The company says it has received regulatory approval to begin tests of delivering food by drone in the San Diego, California area. Announced at the company's Uber Elevate Summit , the plans initially call for the drone deliveries to occur at safe drop-off locations where an Uber Eats driver would then complete the order.
In the future, says the company, it hopes to land the drones on parked vehicles located near each delivery location to allow the final delivery by hand.
"Our goal is to expand Uber Eats drone delivery so we can provide more options to more people at the tap of a button," says Luke Fischer, head of flight operations at Uber Elevate. "We believe that Uber is uniquely positioned to take on this challenge as we're able to leverage the Uber Eats network of restaurant partners and delivery partners as well as the aviation experience and technology of Uber Elevate."
Initial testing in San Diego was done with fast food giant McDonald's, and will be expanded to include additional Uber Eats restaurants later this year. The drone service is part of the company's aerial ride-sharing network and, says the company, will provide data that will help manage its air network and eventually allow the aircraft to operate autonomously.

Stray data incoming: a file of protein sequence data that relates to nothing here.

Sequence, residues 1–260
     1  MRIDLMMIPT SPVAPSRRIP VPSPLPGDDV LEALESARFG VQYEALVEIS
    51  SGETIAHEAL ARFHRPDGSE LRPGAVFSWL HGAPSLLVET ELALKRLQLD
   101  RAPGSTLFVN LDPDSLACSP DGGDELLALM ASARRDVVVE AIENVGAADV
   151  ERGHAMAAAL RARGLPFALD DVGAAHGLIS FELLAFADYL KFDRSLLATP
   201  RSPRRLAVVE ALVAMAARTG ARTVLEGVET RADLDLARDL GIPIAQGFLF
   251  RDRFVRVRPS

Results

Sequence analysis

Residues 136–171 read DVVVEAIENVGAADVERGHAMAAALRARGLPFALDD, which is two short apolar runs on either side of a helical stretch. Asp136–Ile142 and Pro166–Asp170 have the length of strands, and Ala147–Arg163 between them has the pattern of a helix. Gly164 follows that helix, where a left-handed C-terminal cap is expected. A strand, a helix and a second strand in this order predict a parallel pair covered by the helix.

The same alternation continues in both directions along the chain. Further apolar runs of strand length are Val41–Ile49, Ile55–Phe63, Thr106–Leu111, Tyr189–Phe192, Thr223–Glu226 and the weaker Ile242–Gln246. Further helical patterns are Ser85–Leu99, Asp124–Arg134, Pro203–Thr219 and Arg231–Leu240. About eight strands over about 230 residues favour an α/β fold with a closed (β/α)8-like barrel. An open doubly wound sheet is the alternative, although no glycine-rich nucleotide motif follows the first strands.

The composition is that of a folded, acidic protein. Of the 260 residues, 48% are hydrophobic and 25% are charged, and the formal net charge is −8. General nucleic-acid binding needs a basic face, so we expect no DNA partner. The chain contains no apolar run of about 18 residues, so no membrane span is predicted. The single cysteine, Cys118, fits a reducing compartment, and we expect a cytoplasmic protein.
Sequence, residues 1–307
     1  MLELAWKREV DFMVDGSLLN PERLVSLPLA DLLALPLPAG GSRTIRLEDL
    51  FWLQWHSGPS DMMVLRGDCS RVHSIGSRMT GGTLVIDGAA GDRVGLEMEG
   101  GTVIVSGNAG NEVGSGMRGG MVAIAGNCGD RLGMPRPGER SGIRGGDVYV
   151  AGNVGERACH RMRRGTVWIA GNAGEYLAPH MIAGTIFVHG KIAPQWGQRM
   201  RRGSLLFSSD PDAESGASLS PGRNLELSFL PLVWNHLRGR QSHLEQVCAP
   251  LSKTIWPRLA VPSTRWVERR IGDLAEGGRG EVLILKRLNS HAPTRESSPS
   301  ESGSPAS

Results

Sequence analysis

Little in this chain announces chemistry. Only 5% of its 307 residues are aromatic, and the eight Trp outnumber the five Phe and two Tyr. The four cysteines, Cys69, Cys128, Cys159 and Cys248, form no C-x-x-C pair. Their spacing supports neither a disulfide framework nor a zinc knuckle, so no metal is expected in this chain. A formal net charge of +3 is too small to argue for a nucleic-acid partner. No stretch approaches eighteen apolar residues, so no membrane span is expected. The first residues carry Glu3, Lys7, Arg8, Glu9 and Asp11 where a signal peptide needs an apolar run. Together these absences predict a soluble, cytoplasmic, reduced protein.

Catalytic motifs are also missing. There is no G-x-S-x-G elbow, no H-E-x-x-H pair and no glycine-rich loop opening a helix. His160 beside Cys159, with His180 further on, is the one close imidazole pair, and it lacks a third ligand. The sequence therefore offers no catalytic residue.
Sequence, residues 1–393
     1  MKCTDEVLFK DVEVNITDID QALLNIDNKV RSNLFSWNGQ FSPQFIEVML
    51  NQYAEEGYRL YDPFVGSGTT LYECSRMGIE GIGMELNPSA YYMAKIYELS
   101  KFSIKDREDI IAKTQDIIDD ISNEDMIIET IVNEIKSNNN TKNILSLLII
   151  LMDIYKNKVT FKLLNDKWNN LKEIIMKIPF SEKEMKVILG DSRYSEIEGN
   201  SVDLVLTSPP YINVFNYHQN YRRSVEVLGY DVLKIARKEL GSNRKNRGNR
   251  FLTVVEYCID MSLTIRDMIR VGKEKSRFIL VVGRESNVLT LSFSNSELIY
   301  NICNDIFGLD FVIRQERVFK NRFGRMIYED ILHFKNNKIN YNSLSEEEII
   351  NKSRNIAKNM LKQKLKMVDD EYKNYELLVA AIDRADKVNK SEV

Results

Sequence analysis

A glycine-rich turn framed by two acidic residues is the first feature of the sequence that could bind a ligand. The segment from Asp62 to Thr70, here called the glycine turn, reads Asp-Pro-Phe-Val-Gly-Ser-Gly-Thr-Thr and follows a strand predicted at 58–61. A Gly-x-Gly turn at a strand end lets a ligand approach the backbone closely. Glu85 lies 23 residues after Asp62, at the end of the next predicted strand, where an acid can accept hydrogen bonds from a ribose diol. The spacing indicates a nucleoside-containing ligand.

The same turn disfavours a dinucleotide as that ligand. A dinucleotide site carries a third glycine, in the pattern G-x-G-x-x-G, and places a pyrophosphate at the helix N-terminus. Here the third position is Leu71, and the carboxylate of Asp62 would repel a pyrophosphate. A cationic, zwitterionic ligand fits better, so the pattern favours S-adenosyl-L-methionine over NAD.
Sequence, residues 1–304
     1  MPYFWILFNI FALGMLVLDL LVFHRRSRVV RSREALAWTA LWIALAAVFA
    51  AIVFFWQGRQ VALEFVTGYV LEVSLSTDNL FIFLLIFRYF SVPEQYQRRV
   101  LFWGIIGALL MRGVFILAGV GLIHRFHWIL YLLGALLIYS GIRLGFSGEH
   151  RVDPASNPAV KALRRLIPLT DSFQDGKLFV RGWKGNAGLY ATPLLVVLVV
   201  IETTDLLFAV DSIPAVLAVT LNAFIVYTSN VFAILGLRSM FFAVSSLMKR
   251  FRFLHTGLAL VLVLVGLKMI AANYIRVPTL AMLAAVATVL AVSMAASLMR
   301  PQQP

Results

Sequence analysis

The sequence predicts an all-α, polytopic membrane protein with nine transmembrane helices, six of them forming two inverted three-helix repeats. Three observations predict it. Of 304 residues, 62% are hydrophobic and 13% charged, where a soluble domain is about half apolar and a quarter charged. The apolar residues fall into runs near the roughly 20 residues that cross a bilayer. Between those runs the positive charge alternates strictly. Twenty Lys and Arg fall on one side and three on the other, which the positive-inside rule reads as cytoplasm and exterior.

In a separate announcement, the company unveiled its newest self-driving vehicle produced by Volvo Cars. It's the third car the companies have developed together and, says Uber, it's the first production car capable of fully driving itself.
The new production XC90 SUV will be assembled by Volvo Cars in Sweden and include human controls like steering wheels and brake pedals, but also factory-installed redundant steering and braking systems designed for computer control.
"When paired with Volvo's vehicle platform," says Uber Advanced Technologies Group (ATG), "Uber's robust self-driving system will one day allow for safe, reliable, autonomous ridesharing, without the need for a specially trained Uber employee operating and overseeing